Whilst Apple was celebrating record profits and shipping 74.5 million iPhones in Q1 2015, Samsung was left to rue a period that saw it report its first annual earnings decline in some three years.
Samsung has been trying to arrest a decline in its traditional strongholds of China and the Far East, and in all honesty it has been falling down against the growing band of cheaper local vendors that are selling handsets directly to consumers and making a success out of it. At the same time, Apple has been able to trigger off huge growth in China even though its devices cost more than Samsung’s offerings.
Simply-put the midrange offerings in China cannot compete with the likes of Huawei or Xiaomi and the top of the range models cannot match Apple now that it also has a phablet to go with its regular-sized smartphones. It’s attempting to claw this back by switching from polycarbonate casings to metal ones but, even though each of its devices is packed with features, the decision to change to metal casings is an example of the company missing the boat.
All of this has meant that Apple is almost level with Samsung when it comes to smartphone sales, something that the Korean company has been able to take as a given since it reached the top in the third quarter of 2011.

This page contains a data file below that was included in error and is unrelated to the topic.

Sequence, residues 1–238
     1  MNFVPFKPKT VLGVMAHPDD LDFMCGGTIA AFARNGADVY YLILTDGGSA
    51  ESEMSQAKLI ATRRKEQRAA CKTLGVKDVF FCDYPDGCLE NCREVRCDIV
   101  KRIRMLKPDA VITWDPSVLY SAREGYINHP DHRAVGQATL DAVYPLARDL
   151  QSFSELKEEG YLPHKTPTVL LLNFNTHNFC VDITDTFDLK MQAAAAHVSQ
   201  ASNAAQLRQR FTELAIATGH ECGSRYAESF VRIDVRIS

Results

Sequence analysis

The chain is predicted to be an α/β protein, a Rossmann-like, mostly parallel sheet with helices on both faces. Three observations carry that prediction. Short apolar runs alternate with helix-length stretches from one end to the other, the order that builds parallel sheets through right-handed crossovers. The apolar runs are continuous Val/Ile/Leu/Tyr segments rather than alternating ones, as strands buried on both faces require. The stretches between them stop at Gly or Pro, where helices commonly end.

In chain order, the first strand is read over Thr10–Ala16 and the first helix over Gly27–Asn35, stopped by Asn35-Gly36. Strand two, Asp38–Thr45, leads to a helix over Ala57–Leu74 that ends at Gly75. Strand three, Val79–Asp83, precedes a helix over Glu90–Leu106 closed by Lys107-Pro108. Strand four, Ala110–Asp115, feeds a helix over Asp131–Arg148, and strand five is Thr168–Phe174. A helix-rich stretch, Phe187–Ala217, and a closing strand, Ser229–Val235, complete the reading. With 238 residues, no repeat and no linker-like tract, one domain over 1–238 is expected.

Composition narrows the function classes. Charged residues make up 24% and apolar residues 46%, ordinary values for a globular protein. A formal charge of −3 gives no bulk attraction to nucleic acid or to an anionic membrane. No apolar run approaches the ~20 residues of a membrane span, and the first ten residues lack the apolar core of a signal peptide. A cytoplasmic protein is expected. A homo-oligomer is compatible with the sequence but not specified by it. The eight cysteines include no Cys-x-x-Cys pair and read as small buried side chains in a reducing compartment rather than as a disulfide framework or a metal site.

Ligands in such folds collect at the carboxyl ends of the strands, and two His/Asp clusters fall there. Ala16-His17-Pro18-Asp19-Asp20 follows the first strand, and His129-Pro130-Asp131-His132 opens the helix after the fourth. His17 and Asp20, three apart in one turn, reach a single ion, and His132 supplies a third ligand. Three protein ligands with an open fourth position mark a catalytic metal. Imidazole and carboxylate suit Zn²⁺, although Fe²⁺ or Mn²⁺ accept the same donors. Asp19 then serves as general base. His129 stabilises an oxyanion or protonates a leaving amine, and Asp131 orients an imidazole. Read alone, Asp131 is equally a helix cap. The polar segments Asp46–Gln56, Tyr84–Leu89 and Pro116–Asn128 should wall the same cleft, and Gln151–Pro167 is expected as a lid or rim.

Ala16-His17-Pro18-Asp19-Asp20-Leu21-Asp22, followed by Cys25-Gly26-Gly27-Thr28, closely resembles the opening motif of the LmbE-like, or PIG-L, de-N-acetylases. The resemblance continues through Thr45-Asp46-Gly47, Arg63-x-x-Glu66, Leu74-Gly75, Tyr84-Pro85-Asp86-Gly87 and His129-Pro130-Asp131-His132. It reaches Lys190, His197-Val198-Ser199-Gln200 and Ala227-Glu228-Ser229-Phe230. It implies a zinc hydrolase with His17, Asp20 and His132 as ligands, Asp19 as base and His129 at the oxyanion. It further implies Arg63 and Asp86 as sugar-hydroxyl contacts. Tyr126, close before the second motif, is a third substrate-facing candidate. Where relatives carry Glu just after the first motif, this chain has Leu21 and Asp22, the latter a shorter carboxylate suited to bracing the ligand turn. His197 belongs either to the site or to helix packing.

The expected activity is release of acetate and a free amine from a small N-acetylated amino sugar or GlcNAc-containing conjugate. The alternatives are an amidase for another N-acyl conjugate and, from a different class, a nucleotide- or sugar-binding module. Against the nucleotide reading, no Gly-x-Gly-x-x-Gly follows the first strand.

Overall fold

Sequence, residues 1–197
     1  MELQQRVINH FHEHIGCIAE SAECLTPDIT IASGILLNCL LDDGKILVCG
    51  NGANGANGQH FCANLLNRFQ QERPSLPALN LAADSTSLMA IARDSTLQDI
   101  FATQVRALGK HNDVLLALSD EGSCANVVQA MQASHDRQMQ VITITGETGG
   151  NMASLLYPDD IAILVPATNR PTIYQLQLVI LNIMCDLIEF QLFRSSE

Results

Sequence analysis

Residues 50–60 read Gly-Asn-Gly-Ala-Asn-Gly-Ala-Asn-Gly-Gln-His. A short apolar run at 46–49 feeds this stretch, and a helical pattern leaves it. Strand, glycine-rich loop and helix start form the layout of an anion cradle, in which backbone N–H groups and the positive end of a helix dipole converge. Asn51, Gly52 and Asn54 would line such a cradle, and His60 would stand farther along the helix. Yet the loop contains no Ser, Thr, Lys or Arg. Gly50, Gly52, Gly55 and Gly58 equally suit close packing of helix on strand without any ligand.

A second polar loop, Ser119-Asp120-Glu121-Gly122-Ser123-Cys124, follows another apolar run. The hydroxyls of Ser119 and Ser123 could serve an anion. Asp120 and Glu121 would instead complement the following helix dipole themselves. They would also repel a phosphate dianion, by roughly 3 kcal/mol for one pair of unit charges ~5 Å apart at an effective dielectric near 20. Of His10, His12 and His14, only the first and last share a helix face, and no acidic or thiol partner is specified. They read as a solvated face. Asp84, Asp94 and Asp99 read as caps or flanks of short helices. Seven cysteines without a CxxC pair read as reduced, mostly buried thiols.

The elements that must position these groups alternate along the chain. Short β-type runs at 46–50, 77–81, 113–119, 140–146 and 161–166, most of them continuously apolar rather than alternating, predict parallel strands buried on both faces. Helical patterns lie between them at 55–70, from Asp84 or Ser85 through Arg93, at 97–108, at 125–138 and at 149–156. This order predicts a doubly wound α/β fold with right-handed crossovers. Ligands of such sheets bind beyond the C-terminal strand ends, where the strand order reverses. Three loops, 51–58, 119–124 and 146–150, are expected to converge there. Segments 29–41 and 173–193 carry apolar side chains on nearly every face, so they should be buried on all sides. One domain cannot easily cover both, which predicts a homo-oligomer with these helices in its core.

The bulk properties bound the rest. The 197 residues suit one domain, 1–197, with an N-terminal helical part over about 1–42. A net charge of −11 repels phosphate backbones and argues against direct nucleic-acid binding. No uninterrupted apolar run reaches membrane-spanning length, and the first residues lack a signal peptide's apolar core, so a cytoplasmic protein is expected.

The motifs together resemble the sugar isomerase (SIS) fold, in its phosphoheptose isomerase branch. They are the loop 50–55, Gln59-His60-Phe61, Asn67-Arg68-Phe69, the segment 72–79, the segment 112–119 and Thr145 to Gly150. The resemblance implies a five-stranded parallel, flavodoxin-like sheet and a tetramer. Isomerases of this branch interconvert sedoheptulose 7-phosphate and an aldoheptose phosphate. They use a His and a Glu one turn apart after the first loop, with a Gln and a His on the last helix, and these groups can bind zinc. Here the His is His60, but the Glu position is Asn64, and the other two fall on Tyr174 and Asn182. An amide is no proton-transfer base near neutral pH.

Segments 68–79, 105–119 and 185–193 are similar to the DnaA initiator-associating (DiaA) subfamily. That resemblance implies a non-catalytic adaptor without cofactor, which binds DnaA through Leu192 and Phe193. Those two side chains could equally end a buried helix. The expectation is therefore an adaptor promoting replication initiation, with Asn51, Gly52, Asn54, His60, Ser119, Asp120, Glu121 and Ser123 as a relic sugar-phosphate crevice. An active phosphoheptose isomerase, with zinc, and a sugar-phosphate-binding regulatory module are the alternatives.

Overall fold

To stop this happening it first needs to put a stop to the sheer volume of different product ranges it delivers on an almost monthly basis and shows no signs of slowing. Figures quoted by ArsTechnica late last year showed that 2014 was a below average one for Samsung even though it released a huge 59 different smartphone variations in 2014. It was below average as its average over the past three years has been 63 (yes, SIXTY THREE).
Samsung does plan to cut around 25-30 per cent of its lineup in 2015 to ward even heavier losses but that will still mean almost 40 smartphones hitting the market in 2015. Compare that to Apple, where even a two phone release is considered excessive, and you get the picture. This point eats again into its struggles against competitors in China as customers looking at Samsung just don’t know which device to pick and would rather choose one handset from the likes of Xiaomi or Huawei instead of having to minutely pick one of Samsung’s many offerings.
The move towards metal casing on its top of the range smartphones is definitely a good thing for Samsung, however, it must make sure that it makes good on the promise to trim the fat from its smartphone range and think about going further than the 25-30 per cent cut already proposed.